I will likely post some quick blogs about things I’m learning while teaching myself how to use Browzwear apps. “Browzwear is the leading provider of 3D fashion design software for clothing development and merchandising solutions.” I tested my knowledge on the May Jeans since these were my latest make.
Avatar and Sizing
I selected the plus-size avatar Sofia for my experiment and adjusted her measurements to match the measurements for size 22 on the May Jeans (high bust 43.9″, bust 47″, waist 39.2″, and hips 51″). Note that I made a straight size 18 for my body, so the avatar does not match my body at all. The app comes with several industry-standard avatars that make things easier.
Let’s quickly review the alterations I had to make to fit my body because they are the same alterations I made on the digital avatar. First, I needed to ensure the center grainline was centered at the knee. The back piece was really far off. Then I went through a whole ordeal with a laser level to determine my body’s center grainline and used that to adjust the pattern. I needed to move the torso towards the side seam for both the front and back. These are the exact same alterations I made on the 3D avatar.
The original jeans (left avatar) try to create a silhouette with a large gap between the inner thighs while trying to defy gravity. You can’t defy gravity, we know this, but you can try, and you’ll just be left with draglines and tension on the bias. The legs of the jeans are being pushed out from the hips with grainline placement. To prevent the legs from collapsing at the knee, the wide flare look is accentuated by offsetting the grainline at the knee. Gravity takes over if you center the knee (middle avatar) and the lower legs hang straight. If I adjust the pattern pieces to match the center grainline with the avatar’s body (right), then draglines disappear.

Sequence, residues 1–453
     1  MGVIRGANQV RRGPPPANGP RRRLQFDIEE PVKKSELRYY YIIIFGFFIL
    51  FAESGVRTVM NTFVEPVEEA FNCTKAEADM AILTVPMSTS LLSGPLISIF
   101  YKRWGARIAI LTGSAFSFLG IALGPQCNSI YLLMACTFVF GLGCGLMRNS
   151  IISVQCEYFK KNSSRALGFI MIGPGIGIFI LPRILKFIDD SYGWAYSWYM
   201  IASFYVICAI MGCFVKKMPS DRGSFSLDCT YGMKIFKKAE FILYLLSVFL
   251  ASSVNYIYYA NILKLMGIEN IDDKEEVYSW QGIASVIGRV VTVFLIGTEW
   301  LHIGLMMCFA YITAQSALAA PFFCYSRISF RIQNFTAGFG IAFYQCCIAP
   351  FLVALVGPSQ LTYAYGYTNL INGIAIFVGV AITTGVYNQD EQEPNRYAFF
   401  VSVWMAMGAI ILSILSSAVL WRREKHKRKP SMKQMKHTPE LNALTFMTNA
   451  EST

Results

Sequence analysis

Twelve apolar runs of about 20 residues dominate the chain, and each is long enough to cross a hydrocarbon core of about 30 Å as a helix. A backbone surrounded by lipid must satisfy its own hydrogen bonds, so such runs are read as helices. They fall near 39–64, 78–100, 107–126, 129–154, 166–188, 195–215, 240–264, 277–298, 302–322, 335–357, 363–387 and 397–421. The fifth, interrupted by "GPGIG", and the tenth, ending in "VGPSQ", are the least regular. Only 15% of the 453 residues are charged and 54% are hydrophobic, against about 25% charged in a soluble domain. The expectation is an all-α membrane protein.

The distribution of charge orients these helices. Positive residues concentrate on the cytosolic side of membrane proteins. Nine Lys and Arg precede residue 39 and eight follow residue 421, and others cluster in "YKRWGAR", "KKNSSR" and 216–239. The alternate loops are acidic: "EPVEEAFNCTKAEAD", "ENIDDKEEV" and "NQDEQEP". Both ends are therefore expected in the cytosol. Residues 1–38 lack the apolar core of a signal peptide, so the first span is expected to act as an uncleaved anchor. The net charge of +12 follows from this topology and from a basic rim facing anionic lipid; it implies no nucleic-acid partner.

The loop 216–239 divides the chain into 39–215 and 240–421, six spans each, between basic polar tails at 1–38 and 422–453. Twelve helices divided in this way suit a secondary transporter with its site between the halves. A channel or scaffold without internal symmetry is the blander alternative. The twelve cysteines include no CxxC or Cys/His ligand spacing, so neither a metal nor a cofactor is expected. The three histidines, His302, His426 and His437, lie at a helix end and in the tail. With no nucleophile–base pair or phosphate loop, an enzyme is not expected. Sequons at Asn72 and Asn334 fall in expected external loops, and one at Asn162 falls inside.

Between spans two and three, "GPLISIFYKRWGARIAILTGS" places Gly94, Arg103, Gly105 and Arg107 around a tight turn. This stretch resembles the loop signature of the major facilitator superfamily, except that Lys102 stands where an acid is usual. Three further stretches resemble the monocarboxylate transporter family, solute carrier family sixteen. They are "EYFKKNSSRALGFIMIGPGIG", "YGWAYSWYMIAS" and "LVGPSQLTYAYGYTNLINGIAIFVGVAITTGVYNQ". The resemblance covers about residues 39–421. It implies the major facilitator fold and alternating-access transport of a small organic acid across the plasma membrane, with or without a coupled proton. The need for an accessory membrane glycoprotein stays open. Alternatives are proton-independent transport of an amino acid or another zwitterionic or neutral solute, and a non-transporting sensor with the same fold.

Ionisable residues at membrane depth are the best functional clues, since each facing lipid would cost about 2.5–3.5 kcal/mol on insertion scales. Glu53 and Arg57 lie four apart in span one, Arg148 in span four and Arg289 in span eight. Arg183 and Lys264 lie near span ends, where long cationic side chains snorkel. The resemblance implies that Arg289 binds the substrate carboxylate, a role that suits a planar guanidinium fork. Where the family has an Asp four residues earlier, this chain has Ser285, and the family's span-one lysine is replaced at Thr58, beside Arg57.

You can really see the forces at the hem from the bottom view. A hem should be mostly circular at the ankle, but in the original version, you can see the extreme pressure causing the front side seam pushing backward. Even after centering the knee, some swaying left-to-right makes the hem more ellipsoid in shape and not circular. It’s not until you fix all draping issues does the the hem look right.
I hate pointing this out, but even the ad photos for the May Jeans show that if you forever stand with your legs splayed apart, the jeans might “fit”, but if you stand like a normal person, those pesky draglines will appear. Look at the wide stance. I can mimic the look with my avatar if I just move her legs wider.
Measuring Pressure On the Body
The cool thing about the app is that I can look at fabric tension (not shown) and pressure on the body. I’m showing pressure on the body because it shows fit issues better.
On the original pattern, a massive line of extra pressure is placed across the thigh along the true bias (45 degrees). There’s also extra pressure around the inseam at the knee and, interestingly, on the diagonal up and down.
So not only is this added pressure, but the pressure is twisting on the diagonal. If you are like me, you know the feeling. The jeans feel tight across the thighs, you’re constantly picking wedgies from the front and back, and you constantly fidget to untwist the legs. I also find this fit issue particularly sensitive to any body changes because it quickly increases the pressure on your body with fabric that’s already distended and strained.
Properly fitting jeans with a relaxed leg should be tight around the torso, and that’s it. You might have some contact at the knee and calf, but only single pressure points, not multiple ones along the diagonal.
The plus-size avatar had to make the same alterations I made for myself to remove draglines. You have to ask yourself whether you prefer style over function. There’s nothing wrong with the May Jeans because they are designed to achieve a particular look. I am very sensitive to clothes against my body, so I always choose fit over the look. I love my May Jeans once I adjusted the pattern to drape with my body and not fight against it.
I’ll definitely be providing lots more analysis of patterns as I learn how to use the Browzwear apps. I find it a super helpful tool for studying patterns on different bodies with different postures.
Thank you for your blog. I appreciate your deep dives into sewing techniques.
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